Blunt cerebrovascular injury (BCVI) is associated with high rates of neurological morbidity and mortality. The detection and management of BCVI has improved with advances in imaging and sensitive screening protocols. Few studies have explored how these injuries specifically affect the geriatric population. The purpose of this retrospective analysis was to investigate the presentation and prognosis of BCVI in the elderly population and to assess its clinical implications in the management of these patients.
All patients presenting to the University of Cincinnati (UC) level I trauma center between February 2017 and December 2019 were screened for BCVI and entered into the prospectively maintained UC Neurotrauma Registry. Patients with BCVI confirmed by CT angiography underwent retrospective chart reviews to collect information regarding demographics, positive screening criteria, cause of injury, antithrombotic agent, injury location, Denver Grading Scale, hospital and ICU length of stay, and discharge disposition. Patients were divided into geriatric (age ≥ 65 years) and adult (age < 65 years) subgroups. Continuous variables were analyzed using the Student t-test and categorical variables with the Pearson chi-square test.
Of 124 patients with BCVI, stratification by age yielded 23 geriatric and 101 adult patients. Injury in the geriatric group was associated with significantly higher mortality (p = 0.0194). The most common cause of injury in the elderly was falls (74%, 17/23; p < 0.0001), whereas motor vehicle accidents were most common in the adult group (38%, 38/100; p = 0.0642). With respect to the location of injury, carotid (p = 0.1171) and vertebral artery (p = 0.6981) injuries did not differ significantly for the geriatric group. The adult population presented more often with Denver grade I injuries (p < 0.0001), whereas the geriatric population presented with grade IV injuries (p = 0.0247). Elderly patients were more likely to be discharged to skilled nursing facilities (p = 0.0403) and adults to home or self-care (p = 0.0148).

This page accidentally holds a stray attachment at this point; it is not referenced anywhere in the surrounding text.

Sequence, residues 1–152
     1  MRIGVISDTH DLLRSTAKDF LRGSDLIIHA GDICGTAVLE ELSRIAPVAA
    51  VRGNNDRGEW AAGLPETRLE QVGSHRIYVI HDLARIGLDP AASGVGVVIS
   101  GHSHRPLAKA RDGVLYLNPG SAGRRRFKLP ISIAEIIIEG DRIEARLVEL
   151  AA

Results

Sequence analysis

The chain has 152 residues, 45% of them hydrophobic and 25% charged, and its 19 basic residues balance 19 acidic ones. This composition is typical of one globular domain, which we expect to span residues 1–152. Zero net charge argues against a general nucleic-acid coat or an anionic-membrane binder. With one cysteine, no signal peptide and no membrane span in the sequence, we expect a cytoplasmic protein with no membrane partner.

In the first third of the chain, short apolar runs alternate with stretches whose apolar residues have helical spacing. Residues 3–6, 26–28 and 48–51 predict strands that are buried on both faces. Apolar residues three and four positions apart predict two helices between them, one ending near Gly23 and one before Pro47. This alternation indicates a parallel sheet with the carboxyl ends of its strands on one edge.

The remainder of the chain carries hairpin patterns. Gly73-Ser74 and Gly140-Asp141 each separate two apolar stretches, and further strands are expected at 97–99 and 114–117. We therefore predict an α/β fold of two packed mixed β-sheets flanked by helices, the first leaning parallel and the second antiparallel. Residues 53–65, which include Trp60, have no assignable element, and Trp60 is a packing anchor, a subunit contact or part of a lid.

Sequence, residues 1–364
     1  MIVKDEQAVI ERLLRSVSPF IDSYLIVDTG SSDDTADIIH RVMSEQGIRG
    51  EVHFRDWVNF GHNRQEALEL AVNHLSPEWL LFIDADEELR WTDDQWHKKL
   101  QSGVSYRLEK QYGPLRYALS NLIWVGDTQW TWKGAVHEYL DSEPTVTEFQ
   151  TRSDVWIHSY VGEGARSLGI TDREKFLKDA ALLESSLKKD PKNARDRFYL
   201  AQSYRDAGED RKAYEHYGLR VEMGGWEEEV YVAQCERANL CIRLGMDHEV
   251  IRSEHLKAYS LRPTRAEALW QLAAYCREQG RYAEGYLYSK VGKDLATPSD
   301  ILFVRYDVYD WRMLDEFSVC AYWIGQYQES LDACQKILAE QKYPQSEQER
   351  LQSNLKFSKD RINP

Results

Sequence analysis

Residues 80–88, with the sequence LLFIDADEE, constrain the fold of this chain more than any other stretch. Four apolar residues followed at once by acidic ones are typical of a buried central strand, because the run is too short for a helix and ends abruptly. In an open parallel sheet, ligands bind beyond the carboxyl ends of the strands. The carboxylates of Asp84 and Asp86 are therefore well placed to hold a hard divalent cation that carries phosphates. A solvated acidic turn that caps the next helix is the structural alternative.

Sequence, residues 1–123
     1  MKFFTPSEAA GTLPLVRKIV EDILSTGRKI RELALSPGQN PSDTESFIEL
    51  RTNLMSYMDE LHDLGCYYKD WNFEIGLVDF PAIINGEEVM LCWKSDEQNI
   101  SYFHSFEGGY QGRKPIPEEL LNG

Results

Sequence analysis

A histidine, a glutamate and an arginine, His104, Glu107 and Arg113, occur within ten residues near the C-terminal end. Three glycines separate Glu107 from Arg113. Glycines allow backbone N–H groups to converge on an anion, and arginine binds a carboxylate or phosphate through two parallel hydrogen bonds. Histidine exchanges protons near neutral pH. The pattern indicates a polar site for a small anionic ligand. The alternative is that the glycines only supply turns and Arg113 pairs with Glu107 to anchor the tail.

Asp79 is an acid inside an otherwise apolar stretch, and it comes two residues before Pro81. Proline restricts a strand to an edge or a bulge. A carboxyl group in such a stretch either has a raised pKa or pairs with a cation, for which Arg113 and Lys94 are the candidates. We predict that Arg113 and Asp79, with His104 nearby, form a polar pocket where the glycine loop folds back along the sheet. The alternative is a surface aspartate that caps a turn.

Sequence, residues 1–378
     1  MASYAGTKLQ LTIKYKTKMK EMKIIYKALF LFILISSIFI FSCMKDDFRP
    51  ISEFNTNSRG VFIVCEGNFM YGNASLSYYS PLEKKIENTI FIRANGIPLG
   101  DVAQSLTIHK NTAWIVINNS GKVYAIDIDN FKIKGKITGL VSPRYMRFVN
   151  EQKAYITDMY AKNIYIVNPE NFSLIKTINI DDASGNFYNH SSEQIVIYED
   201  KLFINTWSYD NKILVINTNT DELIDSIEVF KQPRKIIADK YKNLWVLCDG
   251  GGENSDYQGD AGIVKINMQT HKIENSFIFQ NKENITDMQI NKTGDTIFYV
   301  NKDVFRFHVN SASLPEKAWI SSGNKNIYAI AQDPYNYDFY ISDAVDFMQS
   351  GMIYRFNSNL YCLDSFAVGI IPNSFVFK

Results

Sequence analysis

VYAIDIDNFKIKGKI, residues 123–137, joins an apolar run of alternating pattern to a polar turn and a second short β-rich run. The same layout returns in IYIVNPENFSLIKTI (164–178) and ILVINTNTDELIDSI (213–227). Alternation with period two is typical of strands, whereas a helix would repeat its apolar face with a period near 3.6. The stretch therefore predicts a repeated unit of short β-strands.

This study is the first to characterize BCVI to all cervical and intracranial vessels in the geriatric population. Older age at presentation is significantly associated with greater severity, morbidity, and mortality from injury, with no preference for the particular artery injured. These findings carry important clinical implications for adapting practice in an aging population.